|By Victoria Manley, The Monterey County Herald, Calif.|
Knight Ridder/Tribune Business News
Mar. 12, 2005 - Developer Nader Agha wants to convert a downtown Pacific Grove parking lot into a large, upscale hotel.
Nader Agha intends to build a 300-room hotel in a lot behind the Holman Building, a downtown anchor he has owned since 1995.
"The city wants it and we agree with them," Agha said Friday after his proposed project was introduced to business leaders at the Pacific Grove Chamber of Commerce's annual Awards of Excellence lunch ceremony.
He insists the project is in its earliest stages, though the concept has been discussed informally for several months. In 2003, Agha was asked by the city's economic advisory committee to consider converting the Holman Building, a hotel in the late-19th and early-20th centuries.
The hotel must face several levels of scrutiny before approval. It would require at least 25 acre-feet of water, something Agha does not have secured. Also needed is support from various city-led commissions, the City Council, and a public often opposed to large-scale development.
"We'll be approaching this slowly and gently," Agha said.
The property is bordered by Lighthouse, Grand, Central and Fountain avenues. If built, the hotel would include more than 20,000 square feet of meeting space and street-level retail shops. Initial designs call for a multi-story, v-shaped building with a central plaza facing the ocean, possibly connected to Holman Building by a pedestrian bridge.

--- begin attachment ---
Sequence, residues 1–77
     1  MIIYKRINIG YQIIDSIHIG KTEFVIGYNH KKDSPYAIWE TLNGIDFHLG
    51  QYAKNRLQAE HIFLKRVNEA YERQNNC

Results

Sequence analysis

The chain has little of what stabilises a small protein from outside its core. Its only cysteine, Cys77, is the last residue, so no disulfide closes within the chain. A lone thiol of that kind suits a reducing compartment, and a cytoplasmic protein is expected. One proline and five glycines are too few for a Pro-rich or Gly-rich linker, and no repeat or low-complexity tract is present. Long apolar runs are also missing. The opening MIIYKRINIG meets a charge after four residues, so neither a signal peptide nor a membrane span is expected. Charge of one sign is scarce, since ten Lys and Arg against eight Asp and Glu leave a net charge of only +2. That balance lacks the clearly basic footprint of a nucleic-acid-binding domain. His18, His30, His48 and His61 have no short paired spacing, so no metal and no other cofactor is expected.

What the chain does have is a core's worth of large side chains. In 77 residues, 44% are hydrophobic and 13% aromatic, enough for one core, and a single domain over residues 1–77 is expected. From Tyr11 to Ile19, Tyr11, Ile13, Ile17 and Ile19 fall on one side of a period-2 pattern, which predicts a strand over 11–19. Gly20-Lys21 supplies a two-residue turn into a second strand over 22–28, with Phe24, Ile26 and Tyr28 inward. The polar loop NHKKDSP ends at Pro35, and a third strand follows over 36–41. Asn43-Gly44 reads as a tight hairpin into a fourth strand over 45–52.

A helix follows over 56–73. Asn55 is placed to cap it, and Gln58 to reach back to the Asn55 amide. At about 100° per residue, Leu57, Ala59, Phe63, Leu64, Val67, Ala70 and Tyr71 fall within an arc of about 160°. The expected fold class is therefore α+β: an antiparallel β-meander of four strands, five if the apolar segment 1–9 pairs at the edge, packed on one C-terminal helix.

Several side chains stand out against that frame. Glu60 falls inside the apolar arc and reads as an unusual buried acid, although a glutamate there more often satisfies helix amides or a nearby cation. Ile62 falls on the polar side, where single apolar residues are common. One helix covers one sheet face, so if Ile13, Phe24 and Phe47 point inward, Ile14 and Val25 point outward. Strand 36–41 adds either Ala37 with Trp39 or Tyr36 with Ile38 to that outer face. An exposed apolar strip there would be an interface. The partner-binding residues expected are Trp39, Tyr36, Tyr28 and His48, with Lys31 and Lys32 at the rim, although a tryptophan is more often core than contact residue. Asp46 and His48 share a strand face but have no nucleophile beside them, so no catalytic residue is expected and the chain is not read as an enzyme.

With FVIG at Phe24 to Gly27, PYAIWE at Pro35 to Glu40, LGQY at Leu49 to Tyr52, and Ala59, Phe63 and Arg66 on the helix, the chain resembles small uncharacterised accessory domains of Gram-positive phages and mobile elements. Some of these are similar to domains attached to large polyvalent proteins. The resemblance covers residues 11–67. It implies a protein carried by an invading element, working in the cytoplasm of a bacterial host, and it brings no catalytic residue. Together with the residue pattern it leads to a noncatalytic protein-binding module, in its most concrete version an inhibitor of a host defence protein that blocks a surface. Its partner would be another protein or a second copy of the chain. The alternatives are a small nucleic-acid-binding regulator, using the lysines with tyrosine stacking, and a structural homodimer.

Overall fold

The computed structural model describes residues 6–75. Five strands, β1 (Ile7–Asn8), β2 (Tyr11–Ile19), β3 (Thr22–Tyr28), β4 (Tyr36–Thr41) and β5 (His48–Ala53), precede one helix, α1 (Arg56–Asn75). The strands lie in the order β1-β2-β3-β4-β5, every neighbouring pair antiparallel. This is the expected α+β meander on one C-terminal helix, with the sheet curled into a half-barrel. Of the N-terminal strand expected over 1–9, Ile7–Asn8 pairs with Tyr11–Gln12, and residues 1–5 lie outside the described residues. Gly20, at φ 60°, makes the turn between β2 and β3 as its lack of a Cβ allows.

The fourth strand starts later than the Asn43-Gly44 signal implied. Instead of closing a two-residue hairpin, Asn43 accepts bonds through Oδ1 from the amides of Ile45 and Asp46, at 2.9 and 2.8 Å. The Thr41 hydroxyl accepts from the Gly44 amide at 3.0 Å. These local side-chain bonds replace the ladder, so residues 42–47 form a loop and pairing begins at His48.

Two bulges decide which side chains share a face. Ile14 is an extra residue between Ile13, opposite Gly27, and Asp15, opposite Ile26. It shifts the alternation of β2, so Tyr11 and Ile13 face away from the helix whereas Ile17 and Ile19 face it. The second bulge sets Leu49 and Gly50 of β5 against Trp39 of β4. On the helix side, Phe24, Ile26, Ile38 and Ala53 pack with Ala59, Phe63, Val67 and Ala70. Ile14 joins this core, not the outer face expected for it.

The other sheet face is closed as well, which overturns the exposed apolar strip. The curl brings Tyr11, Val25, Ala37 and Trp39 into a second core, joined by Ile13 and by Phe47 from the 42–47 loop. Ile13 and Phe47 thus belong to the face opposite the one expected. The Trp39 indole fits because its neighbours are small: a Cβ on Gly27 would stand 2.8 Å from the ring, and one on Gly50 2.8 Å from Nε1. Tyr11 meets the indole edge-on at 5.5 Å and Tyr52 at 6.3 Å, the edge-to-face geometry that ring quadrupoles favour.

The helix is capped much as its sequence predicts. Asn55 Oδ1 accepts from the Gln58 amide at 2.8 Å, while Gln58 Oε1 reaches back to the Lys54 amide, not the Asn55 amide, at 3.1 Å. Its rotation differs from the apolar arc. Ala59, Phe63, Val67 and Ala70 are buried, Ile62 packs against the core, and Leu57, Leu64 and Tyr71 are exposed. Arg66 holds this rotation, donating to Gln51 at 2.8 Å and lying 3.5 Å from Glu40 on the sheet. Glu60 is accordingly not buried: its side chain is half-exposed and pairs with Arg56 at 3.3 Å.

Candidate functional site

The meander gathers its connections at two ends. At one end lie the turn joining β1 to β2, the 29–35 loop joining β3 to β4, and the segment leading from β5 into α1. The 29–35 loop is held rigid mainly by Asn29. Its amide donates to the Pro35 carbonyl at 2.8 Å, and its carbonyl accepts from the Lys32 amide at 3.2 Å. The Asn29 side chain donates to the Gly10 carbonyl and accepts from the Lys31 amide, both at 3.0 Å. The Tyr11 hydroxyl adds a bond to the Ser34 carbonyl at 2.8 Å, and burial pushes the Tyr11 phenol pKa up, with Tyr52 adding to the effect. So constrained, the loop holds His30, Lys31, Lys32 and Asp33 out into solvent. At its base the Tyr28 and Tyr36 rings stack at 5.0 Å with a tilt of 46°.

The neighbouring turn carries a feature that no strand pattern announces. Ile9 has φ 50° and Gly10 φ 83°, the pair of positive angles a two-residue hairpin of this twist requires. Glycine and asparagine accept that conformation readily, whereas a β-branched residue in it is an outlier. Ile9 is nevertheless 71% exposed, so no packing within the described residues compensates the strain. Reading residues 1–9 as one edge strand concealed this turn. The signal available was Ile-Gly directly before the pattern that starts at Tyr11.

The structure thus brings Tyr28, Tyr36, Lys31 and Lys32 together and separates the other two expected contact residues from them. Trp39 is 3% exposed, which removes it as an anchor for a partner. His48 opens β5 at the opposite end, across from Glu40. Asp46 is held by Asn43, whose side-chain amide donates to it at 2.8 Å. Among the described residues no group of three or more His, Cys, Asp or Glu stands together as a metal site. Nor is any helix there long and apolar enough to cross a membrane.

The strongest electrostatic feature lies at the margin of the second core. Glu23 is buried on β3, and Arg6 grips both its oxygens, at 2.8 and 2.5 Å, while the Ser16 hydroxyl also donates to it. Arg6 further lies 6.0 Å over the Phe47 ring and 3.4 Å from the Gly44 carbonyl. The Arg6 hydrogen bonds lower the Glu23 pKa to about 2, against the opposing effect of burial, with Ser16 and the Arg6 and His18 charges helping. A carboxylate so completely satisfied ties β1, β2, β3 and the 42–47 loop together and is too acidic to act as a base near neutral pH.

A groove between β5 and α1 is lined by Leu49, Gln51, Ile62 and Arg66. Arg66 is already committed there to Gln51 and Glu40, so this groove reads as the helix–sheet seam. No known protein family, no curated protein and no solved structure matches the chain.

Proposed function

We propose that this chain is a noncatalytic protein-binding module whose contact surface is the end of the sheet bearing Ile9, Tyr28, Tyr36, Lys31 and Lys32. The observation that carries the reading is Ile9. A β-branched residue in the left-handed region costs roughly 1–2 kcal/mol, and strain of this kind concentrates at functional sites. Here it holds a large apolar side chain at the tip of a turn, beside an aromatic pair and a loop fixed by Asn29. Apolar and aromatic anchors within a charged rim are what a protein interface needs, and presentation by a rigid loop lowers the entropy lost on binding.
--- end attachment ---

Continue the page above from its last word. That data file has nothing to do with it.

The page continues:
"We know it's out there," said Burke Pease, a former tourism industry leader whom Agha has hired as a consultant. "We know it's a challenge. We are prepared to take it one day at a time."
Agha, an oft-controversial developer known for building subdivisions in Salinas and Soledad, also owns a Victorian building across the street from Holman as well as property in downtown Monterey.
Such a large-scale project would be a boon to Pacific Grove's economy, which relies mostly on small boutiques and inns. A hotel that could accommodate large groups and conventions could change the town's bed-and-breakfast reputation into one that rivals that of Monterey and Pebble Beach, which dominates the group-travel market.
"This market is not being served by facilities currently in Pacific Grove," Pease said.
Pease estimates the project could generate up to $1.15 million in hotel tax revenue for the city. He said the hotel would "turn a dormant aspect of downtown Pacific Grove into a productive asset."
A cardboard model of the hotel will be available for viewing and project representatives to address questions from 10 a.m. to 8 p.m. Monday at the Pacific Grove Community Center, 515 Junipero Ave.
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Copyright (c) 2005, The Monterey County Herald, Calif.
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